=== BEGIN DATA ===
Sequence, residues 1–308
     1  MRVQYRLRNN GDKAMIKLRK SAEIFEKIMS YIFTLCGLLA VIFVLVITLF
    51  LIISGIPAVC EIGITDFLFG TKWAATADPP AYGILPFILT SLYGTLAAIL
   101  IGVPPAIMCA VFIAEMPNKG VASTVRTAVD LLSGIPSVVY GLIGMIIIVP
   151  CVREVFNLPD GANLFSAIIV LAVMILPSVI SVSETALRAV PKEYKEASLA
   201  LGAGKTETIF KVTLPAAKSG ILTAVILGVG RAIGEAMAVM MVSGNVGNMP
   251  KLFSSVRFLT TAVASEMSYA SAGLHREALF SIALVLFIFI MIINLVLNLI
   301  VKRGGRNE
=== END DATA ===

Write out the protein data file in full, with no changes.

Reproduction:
Sequence, residues 1–308
     1  MRVQYRLRNN GDKAMIKLRK SAEIFEKIMS YIFTLCGLLA VIFVLVITLF
    51  LIISGIPAVC EIGITDFLFG TKWAATADPP AYGILPFILT SLYGTLAAIL
   101  IGVPPAIMCA VFIAEMPNKG VASTVRTAVD LLSGIPSVVY GLIGMIIIVP
   151  CVREVFNLPD GANLFSAIIV LAVMILPSVI SVSETALRAV PKEYKEASLA
   201  LGAGKTETIF KVTLPAAKSG ILTAVILGVG RAIGEAMAVM MVSGNVGNMP
   251  KLFSSVRFLT TAVASEMSYA SAGLHREALF SIALVLFIFI MIINLVLNLI
   301  VKRGGRNE